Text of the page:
For decades, Toyota’s Comfort taxi has been the cab of choice in Tokyo and the rest of Japan, but that’s about to change with the introduction of the new JPN Taxi. Currently on display at the Tokyo Motor Show, the new model has been built from the ground up to suit a greater number of people – including children, senior citizens and wheelchair users – in the run up to the 2020 Olympic and Paralympic Games here.

Unlike the conventionally-styled Comfort sedan – which Toyota admits can be mistaken for a regular vehicle, especially in the usual Japanese black – the JPN Taxi has a tall, somewhat bulbous hatchback look. The design is said to be easily recognisable, and the company aims to make the vehicle an icon of Japan, much like London’s black cabs or New York’s yellow taxis.

Design cues include a horizontal lattice pattern on the front grille that takes after the Comfort, as well as large rear doors shaped like a sedan’s, imparting a feeling of dignity. Wraparound tail lights are said to give the JPN Taxi a more modern look, and the hatchback opens up to reveal a 401 litre boot, capable of storing two suitcases horizontally and four golf bags.

The effort to create a more iconic look even extends to the newly-developed paint colour, a deep indigo hue called koiai, bringing to mind indigo-dyed clothing worn by the Japanese since ancient times. Buyers can also choose between black and white options.

All colours have been designed to make vehicle repairs easier, so that it’s cheaper to fix after an accident. What’s more, the three-piece front and rear bumpers enable the side pieces to be replaced, and the outer lenses of the head- and tail lights are also replaceable.

Cabin ingress is eased through a wide sliding kerbside rear door, a low floor height of just 320 mm and grab handles on the door sill and the roof. Once inside, passengers will find plenty of space, with 1,065 mm of rear cabin length and 230 mm of headroom. The use of plush, flat seats allows users to slide inside more easily, and there are illuminated seat belt buckles and seat belt extenders to help you fasten your belts.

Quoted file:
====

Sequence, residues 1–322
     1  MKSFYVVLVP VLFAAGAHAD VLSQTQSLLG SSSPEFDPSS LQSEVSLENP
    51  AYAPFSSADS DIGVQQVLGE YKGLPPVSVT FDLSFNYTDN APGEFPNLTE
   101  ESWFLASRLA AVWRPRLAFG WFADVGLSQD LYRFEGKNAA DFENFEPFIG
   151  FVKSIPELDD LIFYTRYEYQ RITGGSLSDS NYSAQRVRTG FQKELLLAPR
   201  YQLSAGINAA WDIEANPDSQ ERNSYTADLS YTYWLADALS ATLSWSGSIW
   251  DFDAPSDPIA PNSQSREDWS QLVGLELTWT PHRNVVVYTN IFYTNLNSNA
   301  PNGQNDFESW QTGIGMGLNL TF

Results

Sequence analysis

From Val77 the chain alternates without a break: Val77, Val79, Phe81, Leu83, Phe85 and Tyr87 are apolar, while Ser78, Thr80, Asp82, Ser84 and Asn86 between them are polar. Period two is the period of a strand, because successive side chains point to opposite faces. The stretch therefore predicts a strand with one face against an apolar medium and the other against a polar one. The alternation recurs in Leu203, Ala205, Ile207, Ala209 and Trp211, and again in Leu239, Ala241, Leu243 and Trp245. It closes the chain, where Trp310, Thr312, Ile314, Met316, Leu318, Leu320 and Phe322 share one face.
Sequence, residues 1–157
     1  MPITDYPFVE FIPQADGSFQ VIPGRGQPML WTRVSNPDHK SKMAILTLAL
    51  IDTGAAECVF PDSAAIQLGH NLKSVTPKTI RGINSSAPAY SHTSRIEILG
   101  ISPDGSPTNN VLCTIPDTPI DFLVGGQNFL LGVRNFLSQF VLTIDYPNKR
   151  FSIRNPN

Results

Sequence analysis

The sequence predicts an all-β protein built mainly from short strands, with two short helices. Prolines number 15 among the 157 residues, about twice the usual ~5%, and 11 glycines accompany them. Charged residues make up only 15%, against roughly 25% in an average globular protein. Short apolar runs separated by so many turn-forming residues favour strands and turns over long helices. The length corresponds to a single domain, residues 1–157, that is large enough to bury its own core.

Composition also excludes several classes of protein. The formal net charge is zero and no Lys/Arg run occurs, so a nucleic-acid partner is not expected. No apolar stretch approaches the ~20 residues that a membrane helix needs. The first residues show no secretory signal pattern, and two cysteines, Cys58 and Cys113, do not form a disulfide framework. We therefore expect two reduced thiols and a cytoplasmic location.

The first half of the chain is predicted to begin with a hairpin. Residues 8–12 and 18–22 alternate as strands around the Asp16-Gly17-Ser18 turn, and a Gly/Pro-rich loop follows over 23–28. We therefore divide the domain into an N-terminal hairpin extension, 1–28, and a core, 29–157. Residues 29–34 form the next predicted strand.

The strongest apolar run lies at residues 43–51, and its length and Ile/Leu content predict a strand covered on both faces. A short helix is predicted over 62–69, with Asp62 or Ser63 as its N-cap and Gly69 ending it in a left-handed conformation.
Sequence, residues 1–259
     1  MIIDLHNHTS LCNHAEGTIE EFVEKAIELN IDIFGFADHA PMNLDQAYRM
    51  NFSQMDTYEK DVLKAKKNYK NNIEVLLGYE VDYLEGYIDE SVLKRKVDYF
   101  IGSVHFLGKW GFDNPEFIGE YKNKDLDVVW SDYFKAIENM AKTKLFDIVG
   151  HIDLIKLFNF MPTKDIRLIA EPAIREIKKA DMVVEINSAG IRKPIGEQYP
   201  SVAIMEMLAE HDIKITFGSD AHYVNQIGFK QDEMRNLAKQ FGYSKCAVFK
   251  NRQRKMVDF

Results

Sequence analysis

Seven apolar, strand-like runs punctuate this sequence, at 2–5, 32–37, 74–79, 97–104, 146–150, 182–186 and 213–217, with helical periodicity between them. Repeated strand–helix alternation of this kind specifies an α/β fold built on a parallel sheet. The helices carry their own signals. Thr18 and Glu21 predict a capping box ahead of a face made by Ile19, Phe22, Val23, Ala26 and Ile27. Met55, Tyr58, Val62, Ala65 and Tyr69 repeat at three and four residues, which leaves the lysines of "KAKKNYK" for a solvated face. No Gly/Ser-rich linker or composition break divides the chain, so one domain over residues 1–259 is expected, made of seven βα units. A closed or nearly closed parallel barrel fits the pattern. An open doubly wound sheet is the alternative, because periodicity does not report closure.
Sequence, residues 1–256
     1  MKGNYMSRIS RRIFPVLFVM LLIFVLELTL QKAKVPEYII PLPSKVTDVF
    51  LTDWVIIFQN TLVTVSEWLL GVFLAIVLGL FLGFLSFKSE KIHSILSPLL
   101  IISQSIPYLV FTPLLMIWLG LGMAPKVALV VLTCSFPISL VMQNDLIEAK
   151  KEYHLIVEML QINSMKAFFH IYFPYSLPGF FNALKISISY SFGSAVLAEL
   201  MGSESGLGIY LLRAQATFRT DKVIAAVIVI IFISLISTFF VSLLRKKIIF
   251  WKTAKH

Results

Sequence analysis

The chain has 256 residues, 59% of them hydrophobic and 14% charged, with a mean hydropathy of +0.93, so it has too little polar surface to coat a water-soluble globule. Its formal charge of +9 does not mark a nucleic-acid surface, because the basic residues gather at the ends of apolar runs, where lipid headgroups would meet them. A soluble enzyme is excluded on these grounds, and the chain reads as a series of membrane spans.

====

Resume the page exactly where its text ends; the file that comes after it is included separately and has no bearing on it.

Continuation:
Other neat features include twin USB charging ports behind the driver, a Nanoe air purifier and the optimised use of sound absorption, soundproofing materials and high-quality soundproof glass to ensure quietness. At the front, the dashboard has been designed with the driver in mind, with controls for features such as the vehicle dispatch system and air-conditioning are grouped on the right side.

Meanwhile, the navigation screen, taxi meter and other instruments are placed on the centre console, where passengers can clearly see them. Items can be stowed away from prying eyes inside a cubby hole next to the instrument display, as well as a storage compartment behind the steering wheel. Speaking of which, the right spoke features the hazard light switch, which is said to be commonly used by cabbies.

Safety is enhanced with the inclusion of six airbags and the Toyota Safety Sense C driver assist package, which includes Pre-Collision System, lane departure warning and automatic high beam system. An Intelligent Clearance Sonar, which guards against accidents caused by pedal misapplication, is available as an option.

Power comes from a version of the Prius c‘s hybrid powertrain, running on liquified petroleum gas (LPG). The 1.5 litre 1NZ-FXP engine makes 74 PS and 111 Nm, and is paired to a 61 PS/169 Nm pair of electric motors to produce a total system output of 100 PS. Toyota claims that the JPN Taxi is capable of a fuel consumption figure of 19.4 km per litre on the Japanese JC08 cycle.

Above all, a taxi has to be durable and cheap to run, and the JPN Taxi have been built for just such a purpose, with the MacPherson strut front and trailing arm rear suspension designed specifically for taxi use. Maintenance is also reduced through the use of a no-maintenance power water pump.

Buyers can choose from the standard Nagomi and high-end Takumi models, the latter benefitting from bi-LED headlights, vertical tail lights in the D-pillar, body-coloured bumpers and chrome exterior trim. Inside, the range-topping version receives more intricate seat stitching, a rear air blower and heated rear seats. Pricing of the JPN Taxi stands at 3,277,800 yen (RM123,100), or 3,499,200 yen (RM131,400) for the Takumi.